Faculty Candidate Seminar - Matthias Morzfeld


 
05/21/2019 - 1:00pm
Location: 
Eckart 227
Event Description: 

SCRIPPS INSTITUTION OF OCEANOGRAPHY FACULTY CANDIDATE SEMINAR - 
Theoretical/Computational Geophysics

DATE:          May 21st, Tuesday, 1 p.m.  

LOCATION:     Eckart 227

SPEAKER:      Matthias Morzfeld
            University of Arizona
            
TITLE:          What is Bayesian inference, why is it useful in Earth science and why is it challenging to do numerically?

ABSTRACT:
 

Bayesian inference is used to update the predictions of computational models based on observations. I will first give three examples of Bayesian inference in Earth science: (i) predicting reversals of Earth’s magnetic axial dipole; (ii) intra-hour forecasting of global horizontal irradiance for use in solar power forecasts; and (iii) connecting a “phenomenological” predator-prey model for stratocumulus cloud desks to large eddy simulations.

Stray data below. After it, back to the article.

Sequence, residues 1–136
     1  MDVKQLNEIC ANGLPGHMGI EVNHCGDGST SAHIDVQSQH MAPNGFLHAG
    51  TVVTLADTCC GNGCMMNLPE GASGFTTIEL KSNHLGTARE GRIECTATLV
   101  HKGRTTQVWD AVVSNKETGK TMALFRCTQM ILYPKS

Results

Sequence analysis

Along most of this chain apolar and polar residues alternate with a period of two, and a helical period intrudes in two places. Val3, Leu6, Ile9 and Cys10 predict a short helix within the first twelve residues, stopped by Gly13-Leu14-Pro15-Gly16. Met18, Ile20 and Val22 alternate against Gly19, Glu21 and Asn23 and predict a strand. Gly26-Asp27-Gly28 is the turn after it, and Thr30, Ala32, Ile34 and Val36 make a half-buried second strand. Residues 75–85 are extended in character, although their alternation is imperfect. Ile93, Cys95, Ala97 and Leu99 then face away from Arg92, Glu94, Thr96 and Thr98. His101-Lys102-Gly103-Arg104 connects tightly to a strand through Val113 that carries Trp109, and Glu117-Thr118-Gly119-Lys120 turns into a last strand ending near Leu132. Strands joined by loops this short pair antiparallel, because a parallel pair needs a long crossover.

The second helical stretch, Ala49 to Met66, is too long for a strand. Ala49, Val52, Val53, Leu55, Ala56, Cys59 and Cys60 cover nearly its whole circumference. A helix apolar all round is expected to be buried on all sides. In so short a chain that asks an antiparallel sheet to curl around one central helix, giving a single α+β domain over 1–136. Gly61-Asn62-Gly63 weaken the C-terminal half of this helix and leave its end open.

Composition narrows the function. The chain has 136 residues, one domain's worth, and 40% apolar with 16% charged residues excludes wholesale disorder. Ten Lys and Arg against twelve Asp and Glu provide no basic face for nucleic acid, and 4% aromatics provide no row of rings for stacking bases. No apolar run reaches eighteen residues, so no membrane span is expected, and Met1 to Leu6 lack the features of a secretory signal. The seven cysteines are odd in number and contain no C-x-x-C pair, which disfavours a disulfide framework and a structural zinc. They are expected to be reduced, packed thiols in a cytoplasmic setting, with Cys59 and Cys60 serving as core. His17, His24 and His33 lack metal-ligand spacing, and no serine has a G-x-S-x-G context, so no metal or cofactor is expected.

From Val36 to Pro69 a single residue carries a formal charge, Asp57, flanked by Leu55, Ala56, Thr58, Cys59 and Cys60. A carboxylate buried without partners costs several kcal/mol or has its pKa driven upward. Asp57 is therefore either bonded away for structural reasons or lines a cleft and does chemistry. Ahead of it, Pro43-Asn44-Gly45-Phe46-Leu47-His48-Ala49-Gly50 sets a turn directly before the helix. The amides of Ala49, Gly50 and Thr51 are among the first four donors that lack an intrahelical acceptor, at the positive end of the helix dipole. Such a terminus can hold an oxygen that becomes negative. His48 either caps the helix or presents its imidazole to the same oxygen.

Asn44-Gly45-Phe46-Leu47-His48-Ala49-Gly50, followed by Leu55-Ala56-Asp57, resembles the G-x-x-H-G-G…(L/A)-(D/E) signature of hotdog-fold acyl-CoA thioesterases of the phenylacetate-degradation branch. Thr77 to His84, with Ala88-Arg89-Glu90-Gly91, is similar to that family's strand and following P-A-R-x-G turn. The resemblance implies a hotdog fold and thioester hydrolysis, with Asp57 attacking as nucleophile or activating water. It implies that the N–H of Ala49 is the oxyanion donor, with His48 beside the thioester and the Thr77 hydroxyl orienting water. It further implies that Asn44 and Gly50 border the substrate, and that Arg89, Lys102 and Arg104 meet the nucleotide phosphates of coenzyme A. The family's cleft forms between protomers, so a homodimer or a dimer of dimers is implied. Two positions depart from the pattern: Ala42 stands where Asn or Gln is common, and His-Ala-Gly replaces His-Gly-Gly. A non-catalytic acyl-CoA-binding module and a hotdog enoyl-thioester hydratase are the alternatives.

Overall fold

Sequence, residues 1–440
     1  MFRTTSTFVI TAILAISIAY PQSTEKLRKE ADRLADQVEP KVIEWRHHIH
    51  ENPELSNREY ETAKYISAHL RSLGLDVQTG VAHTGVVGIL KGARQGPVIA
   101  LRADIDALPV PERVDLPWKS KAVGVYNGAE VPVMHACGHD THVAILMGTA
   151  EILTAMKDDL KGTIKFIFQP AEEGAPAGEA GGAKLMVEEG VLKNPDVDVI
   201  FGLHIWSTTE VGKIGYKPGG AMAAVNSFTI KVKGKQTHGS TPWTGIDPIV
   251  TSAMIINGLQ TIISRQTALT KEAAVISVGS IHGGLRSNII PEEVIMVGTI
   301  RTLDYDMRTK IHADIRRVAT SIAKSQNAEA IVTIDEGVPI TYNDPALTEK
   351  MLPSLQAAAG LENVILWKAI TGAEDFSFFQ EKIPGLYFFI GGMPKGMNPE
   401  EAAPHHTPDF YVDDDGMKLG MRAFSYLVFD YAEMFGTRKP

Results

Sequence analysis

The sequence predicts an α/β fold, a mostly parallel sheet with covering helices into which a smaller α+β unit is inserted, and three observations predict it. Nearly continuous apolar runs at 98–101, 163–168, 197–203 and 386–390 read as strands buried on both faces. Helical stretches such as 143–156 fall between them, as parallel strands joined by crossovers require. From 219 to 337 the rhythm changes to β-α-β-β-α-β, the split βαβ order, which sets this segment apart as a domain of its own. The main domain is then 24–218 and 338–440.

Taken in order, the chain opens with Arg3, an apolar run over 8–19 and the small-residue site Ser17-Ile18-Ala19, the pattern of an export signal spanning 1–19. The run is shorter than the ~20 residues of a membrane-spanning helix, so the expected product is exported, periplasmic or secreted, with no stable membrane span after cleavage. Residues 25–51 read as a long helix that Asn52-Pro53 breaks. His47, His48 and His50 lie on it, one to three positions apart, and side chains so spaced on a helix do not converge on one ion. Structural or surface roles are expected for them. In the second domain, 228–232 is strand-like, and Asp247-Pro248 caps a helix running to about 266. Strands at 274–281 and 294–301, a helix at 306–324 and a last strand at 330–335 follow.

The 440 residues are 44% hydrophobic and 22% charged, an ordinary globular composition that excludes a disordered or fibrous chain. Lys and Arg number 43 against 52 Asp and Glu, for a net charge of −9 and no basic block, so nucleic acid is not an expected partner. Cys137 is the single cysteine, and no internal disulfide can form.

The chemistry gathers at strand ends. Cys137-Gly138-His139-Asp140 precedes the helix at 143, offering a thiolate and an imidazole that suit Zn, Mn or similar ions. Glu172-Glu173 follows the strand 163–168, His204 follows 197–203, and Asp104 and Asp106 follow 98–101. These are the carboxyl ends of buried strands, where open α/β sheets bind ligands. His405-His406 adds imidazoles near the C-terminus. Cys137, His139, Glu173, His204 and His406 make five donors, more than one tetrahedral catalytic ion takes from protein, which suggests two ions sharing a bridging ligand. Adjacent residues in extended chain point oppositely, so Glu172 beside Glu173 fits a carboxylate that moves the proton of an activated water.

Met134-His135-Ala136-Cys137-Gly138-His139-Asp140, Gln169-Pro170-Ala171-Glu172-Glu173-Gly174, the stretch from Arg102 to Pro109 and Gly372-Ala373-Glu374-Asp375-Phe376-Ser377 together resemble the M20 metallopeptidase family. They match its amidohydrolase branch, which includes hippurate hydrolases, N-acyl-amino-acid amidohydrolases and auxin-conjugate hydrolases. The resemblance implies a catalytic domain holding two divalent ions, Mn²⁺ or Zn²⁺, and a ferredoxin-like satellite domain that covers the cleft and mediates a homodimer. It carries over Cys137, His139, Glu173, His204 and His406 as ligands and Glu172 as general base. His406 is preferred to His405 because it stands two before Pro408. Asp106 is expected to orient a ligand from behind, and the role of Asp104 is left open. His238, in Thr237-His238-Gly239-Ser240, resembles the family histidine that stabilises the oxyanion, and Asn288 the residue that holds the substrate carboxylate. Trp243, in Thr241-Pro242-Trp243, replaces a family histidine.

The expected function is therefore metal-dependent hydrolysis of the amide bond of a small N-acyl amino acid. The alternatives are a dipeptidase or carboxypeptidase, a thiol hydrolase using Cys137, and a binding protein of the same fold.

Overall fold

The second part of the talk describes the numerical solution of Bayesian inference problems, which is often based on sampling a posterior probability distribution. Sampling posterior distributions is difficult because these are usually high-dimensional (many parameters or states to estimate) and non-standard (e.g., not Gaussian). In particular a high-dimension causes numerical difficulties and slow convergence in many sampling algorithms. I will explain how ideas from numerical weather prediction can be leveraged to design Markov chain Monte Carlo (MCMC) samplers whose convergence rates are independent of the problem dimension for a well-defined class of problems. This will lead to a “map” of characteristics that make Bayesian inference problems numerically feasible to solve. 

 

 

Faculty Host: Steve Constable (sconstable@ucsd.edu)
For more information on this event, contact: 
lcosti@ucsd.edu
Event Calendar: 
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